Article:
It was a tremendously nostalgic evening... not only because it is the end of the band, but more personally. I haven't followed them for the last few years, so for me they're very much a part of my youth -- the same adolescent who adored Kids in the Hall and smoked cigarettes for the first time and drank beer around bonfires. On the one hand, it's really kind of sad that they never made it really big, because they are so talented, but on the other, I think it makes us fans feel smart and part of a select group. Actually, it felt more like regret than nostalgia, regret that I hadn't seen them in concert more when I had the chance, regret that I'd let them go like all the old friends I've lost touch with.

I couldn't help but think about how talented they all are. They all sing, they rotate instruments, and they always seem to be experimenting and having fun, while still keeping some special spark that is their own unique, identifiable sound. I love how they sampled Al Purdy reciting a line, how they created a whole album inspired by the Group of Seven, and how they collaborate with so many Canadian artists. And how they all also write or paint... they're marvels. Here they are, barely halfway through their lives, and they already know (I hope) that they will leave this place richer than they found it. That said, at one point Tim said something about opening for the Barenaked Ladies in Winnipeg, and I'm sorry, but that is just SO wrong.

They put on a great show, but those cramped seats made it feel like I was rockin' out strapped into the car, music booming and wanting to get all overcome but all I could do was bob my head in time. I felt that same mildly-pathetic-but-resolute-that-I-will-ROCK-IT feeling I do in the car on a summer day sometimes. The seats were too cramped even for chair dancing, so I just kept bobbing my head with the best of them. Dave Bidini had his signature fedora on, which contrasted jauntily with his Patio Lanterns rock star leaps, which I can just imagine him practicing as a 15-year-old in some wood-panelled basement with orange shag carpet.

There was one song that I didn't really recognize. Well, there were more than one, but one that really struck me. It was Self Serve Gas Station, which Martin dedicated to his parents and his sister, who was seeing him perform for the very first time, and that the song was only a little bit true. The lyrics punched me in the gut:

Another trucker stumbles up the steps into my kiosk for directions,
too wasted to see the map I'm showing him.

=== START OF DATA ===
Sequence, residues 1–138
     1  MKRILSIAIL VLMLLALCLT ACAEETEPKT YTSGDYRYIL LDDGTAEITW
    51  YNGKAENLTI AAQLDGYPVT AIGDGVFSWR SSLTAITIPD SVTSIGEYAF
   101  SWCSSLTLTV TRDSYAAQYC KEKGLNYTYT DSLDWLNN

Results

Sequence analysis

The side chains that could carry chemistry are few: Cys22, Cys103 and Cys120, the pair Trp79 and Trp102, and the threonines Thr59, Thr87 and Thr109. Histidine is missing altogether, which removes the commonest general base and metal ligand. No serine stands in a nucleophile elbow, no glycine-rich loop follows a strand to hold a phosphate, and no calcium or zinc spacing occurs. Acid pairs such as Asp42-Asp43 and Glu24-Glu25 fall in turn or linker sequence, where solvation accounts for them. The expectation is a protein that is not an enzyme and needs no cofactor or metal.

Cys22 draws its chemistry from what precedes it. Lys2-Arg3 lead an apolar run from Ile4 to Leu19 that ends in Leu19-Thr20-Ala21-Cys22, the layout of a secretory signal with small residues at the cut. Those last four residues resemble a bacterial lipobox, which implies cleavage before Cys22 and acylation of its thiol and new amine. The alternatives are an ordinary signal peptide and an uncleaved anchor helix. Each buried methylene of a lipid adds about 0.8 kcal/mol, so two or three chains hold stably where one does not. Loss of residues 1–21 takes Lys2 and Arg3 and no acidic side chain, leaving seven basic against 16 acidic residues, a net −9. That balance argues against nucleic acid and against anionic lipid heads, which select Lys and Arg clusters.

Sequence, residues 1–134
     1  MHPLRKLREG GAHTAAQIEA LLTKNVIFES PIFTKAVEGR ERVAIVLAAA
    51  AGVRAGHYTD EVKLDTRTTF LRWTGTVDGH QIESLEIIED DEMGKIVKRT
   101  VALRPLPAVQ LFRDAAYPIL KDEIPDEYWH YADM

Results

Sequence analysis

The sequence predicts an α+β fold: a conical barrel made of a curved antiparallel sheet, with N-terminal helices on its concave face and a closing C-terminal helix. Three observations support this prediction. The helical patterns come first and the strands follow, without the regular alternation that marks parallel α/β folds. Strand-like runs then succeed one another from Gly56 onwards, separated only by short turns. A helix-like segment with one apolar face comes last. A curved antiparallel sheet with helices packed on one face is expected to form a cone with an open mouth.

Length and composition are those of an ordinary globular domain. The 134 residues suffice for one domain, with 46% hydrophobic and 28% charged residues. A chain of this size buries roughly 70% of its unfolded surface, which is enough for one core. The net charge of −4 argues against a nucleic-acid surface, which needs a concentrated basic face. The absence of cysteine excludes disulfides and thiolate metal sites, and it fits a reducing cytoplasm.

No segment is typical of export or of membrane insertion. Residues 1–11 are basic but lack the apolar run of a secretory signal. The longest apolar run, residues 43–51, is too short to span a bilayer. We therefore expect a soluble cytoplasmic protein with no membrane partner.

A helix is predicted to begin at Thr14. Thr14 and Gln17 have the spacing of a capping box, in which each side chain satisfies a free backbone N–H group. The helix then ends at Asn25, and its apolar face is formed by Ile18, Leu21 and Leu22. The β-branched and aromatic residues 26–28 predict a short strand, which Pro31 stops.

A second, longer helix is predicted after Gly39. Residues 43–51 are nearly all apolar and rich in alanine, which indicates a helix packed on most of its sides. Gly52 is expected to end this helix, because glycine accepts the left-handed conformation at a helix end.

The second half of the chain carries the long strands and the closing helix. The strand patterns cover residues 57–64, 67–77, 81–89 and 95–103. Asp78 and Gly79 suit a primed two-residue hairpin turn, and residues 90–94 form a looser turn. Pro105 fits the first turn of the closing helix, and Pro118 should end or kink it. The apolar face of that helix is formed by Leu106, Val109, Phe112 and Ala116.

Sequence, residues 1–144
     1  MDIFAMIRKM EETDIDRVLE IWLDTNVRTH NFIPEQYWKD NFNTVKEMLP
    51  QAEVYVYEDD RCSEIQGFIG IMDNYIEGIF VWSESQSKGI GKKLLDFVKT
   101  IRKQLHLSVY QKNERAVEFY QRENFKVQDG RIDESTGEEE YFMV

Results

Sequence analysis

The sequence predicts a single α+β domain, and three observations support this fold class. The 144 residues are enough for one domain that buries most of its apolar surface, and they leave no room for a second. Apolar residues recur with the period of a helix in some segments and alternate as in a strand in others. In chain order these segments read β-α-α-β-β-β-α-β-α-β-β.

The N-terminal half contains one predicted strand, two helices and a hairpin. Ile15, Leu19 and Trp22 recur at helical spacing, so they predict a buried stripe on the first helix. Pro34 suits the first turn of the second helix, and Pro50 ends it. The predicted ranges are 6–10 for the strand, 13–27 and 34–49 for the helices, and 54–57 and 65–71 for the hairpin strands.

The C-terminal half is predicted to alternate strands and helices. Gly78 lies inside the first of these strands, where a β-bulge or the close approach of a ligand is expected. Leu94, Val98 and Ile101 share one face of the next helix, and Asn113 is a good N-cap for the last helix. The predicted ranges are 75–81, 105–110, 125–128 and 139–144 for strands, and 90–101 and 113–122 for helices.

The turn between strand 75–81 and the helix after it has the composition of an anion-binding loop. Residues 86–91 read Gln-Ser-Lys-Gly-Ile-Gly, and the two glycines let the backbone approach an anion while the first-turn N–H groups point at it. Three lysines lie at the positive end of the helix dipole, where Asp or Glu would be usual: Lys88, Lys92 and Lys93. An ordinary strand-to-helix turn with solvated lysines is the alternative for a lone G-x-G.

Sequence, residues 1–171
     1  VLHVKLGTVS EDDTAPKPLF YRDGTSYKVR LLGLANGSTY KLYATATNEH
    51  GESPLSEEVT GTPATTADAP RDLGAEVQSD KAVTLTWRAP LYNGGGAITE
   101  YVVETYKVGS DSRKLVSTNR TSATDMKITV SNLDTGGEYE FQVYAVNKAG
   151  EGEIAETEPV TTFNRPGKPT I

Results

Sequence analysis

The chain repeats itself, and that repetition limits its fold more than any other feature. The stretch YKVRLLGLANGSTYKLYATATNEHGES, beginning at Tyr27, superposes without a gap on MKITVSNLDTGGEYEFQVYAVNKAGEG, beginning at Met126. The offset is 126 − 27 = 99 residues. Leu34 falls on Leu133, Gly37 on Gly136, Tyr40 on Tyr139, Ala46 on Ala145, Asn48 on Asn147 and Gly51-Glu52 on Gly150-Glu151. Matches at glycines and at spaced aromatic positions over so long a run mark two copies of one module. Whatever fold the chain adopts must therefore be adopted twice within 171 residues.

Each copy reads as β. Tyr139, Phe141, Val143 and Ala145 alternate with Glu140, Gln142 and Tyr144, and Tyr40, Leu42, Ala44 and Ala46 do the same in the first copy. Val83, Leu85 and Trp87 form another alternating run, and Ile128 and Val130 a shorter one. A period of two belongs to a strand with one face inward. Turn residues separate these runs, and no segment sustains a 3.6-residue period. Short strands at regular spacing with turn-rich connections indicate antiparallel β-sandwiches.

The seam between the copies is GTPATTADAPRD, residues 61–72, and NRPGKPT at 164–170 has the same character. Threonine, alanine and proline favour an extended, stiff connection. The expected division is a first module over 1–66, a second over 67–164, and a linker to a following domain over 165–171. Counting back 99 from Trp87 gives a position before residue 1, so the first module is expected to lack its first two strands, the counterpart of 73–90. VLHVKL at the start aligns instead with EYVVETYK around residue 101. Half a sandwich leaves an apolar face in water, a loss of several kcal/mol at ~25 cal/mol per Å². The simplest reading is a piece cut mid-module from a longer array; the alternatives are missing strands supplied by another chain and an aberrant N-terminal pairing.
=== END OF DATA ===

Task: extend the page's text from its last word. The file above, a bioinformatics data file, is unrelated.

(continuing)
He wanted to bust the glass... 'cause I wouldn't give him gas -
I said, "You shouldn't be driving,
just take a nap until the morning-time and hit the road."
I wish I had a pistol just to take him down with myself;
who's to tell?
No one said this would be easy... but no one said this would be hell.

Their rendition of Horses, updated with snazzy 21st-century electronic references and effects, was positively apocalyptic, and I thought THAT would be the highlight of the evening... but no.

After Horses, they left the stage. I was deflated. They hadn't played Record Body Count, and I really didn't feel like leaving until they did, despite the cramps in my knees and my numb bum. I wondered if maybe Martin's voice just couldn't do it (poor guy, he was sick and his voice was pathetically, but movingly and appropriately hoarse at crucial moments). But they came out again after another standing ovation (which provided considerable relief to my old body), and Dave Bidini picked up his acoustic guitar and they all sat down on the edge of the stage, legs dangling. They talked for a moment, about nothing really, then played Legal Age Life and we all sang along. Dave Clarke came out again, and directed the audience in some fun backup "singing."

After the song, they walked into the middle of the audience, and Bidini spoke. He said that he didn't really feel emotional about the breakup unless he was talking to someone about how they grew up listening to the Rheostatics, or started a band because of them, or sang their songs when stuck in the wilderness.

Finally... finally, I recognized the first notes of Record Body Count. Bidini played quietly, and Martin sang hoarsely, the house lights golden dim with a bright spotlight on the Rheostatics, and it felt like a huge bush party around a camp fire, singing. I wondered if maybe this was why they'd chosen the beer-less Massey Hall, for a vision of this campfire moment with all their loyal fans singing with along all our might, as if our voices could keep them together, keep them from leaving us behind... I think maybe they had that moment planned all along. I wondered how the last lyric would hang in the great open space above us, the line about "Joey stepped up on the block of ice, put a rope around his neck, fell asleep before he died." It's an awfully morbid ending, but Martin deftly added a Tom Green sort of IEECE accent and a yo-yo-Homey hand gesture for comic relief, and those morbid last words floated painlessly in the air.

* * *

After such a brilliant culmination of their career, we left and took the streetcar home. I've never ridden a streetcar before, and I expected it to be kind of retro with wooden seats, but no. It's just like a really long bus. Anyways, around Spadina, it stopped suddenly, and everyone started looking to one side. Being nosy, I did too, and watched a big black SUV back up across the road, hit a parked car and drive away. We waited for the streetcar to start moving again but it didn't. Finally we went up to the small crowd around the driver. Apparently the streetcar hit that big black SUV when it had its nose in the middle of the street, and the SUV proceeded to hit that parked car not once but THREE times. Someone speculated that the SUV driver must have been drunk.